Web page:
Dartmouth-Stanford Study on Economic Impact of Border Wall Finds High Costs and Few Benefits to U.S. Workers


Nov. 15, 2018 – A new Dartmouth-Stanford study examining the economic impact of a border wall expansion between the U.S. and Mexico between 2007 to 2010 finds that the expansion minimally reduced unauthorized Mexican migration and was largely harmful to U.S. workers. 

Despite construction costs of the wall of $2.3 billion or approximately $7 per person in the U.S., the study found that the border wall expansion harmed college educated U.S. workers by $4.35 per person in annual income and only benefited less educated U.S. workers by an average of 36 cents. 

The study finds that in lieu of the border wall expansion, if the U.S. had simply reduced its trade costs with Mexico so that they were closer to domestic costs, all U.S. and Mexican workers would have substantially benefited.

The research was co-authored by Dartmouth economist Treb Allen, Stanford economist Melanie Morten and Stanford doctoral candidate Cauê Dobbin, who embarked on the study in the summer of 2016 after seeing a need for more empirical evidence on the effects of the border wall amid ongoing debates over immigration. The new 101-page working paper is abridged in an executive summary and will be posted online by the National Bureau of Economic Research on Nov. 19. 

“Once we account for the complex ways the border wall expansion impacted the economy, we found that almost all workers were made worse off. Even those who did benefit did so by a very small amount. This is all the more striking given the substantial construction costs,” said Treb Allen, an associate professor of economics and distinguished professor of economics and globalization at Dartmouth.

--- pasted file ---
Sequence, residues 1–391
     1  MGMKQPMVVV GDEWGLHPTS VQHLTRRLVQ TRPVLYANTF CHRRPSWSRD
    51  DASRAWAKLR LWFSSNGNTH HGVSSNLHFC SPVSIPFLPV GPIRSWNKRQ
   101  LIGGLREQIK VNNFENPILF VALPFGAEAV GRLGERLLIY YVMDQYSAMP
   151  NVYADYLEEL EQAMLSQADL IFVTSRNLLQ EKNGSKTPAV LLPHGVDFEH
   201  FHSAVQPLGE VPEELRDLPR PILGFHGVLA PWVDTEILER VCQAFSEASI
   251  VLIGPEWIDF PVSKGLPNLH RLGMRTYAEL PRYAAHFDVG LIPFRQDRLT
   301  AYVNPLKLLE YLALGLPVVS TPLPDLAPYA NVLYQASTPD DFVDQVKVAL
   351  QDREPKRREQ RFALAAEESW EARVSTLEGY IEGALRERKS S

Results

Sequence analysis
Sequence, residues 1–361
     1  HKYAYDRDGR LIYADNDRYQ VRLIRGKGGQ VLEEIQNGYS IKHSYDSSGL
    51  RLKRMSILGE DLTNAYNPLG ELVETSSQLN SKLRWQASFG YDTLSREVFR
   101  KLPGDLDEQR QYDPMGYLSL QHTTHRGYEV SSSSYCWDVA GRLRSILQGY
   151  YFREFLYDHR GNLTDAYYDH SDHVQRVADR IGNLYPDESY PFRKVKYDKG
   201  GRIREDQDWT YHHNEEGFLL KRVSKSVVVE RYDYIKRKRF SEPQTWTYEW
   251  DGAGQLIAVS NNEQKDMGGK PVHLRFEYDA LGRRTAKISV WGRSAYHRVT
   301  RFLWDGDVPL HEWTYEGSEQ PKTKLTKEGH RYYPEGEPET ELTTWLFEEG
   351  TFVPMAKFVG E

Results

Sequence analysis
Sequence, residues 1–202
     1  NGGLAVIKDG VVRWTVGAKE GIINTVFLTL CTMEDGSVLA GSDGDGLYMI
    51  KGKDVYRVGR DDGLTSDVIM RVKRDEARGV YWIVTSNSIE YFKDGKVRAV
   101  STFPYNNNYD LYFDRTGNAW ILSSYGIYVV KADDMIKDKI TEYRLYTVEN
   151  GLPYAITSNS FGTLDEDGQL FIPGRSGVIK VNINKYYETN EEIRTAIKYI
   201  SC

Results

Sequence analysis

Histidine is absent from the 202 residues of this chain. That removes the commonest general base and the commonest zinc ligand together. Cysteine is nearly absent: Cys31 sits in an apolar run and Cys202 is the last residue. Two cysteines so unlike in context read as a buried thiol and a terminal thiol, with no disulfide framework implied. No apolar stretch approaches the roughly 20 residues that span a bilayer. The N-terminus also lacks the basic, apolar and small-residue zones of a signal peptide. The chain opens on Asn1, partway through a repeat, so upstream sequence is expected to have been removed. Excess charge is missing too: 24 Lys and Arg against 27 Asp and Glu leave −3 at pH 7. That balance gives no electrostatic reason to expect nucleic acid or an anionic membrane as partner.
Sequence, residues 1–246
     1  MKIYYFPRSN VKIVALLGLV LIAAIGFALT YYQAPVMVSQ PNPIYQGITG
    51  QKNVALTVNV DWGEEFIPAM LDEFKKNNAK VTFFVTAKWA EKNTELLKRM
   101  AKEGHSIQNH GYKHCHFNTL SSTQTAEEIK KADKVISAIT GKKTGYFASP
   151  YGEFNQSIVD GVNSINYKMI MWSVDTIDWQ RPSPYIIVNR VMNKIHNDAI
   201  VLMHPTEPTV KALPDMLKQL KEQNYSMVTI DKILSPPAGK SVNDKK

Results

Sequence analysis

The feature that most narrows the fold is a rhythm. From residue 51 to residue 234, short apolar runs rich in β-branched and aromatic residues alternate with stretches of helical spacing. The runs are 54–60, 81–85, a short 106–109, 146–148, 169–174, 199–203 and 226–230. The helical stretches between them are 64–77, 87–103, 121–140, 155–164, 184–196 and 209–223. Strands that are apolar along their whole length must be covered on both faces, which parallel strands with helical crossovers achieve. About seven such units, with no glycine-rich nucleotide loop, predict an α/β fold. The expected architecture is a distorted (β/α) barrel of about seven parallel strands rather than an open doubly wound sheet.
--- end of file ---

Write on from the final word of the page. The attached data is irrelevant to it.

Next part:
The researchers examined the U.S. – Mexico border wall expansion that resulted from the Secure Fence Act of 2006 for which 548 miles of additional fencing was constructed along nearly one-third of the 1954-mile border.

To evaluate the effect of the border wall expansion on migration patterns, the team used confidential data from the Mexican government to examine how migration flows changed after the border wall expansion. The researchers estimate that the wall expansion reduced the total number of Mexican-born workers coming into the U.S. by only 0.6 percent, roughly 83,000 people. 

“If the goal of policy is to reduce migration, it’s important to examine what leads people to migrate in the first place,” said Melanie Morten, an assistant professor of economics and faculty fellow at the Stanford Institute for Economic Policy Research (SIEPR). “Mexican citizens tended to migrate to attain higher wages. The wall did not change that.” 

The study considered two other policies that the U.S. could have implemented: 

  • One such policy took a more extreme approach calling for additional fencing for 50 percent of the remaining border. The results estimate that college educated U.S. workers would have been made even worse off by $7.60 while benefits to less educated U.S. workers would have only increased to 58 cents.
  • If the additional fencing along the border had not been constructed and the U.S. had reduced its trade costs with Mexico so that they were 25 percent closer to domestic costs, all U.S. and Mexican workers would have benefited. Instead of facing an economic loss as they did with the wall, college educated U.S. workers would have seen a $80.59 increase while less educated U.S. workers would have experienced a $58.67 increase in annual income.

“Rather than building walls, our study finds that a more effective way of reducing migration is to reduce the incentives to migrate. Promoting economic growth in the sending country by reducing trade costs is a great way to do that, as it also benefits U.S. workers,” added Allen.

Available for comment are co-authors Treb Allen (treb.allen@dartmouth.edu) and Melanie Morten (memorten@stanford.edu).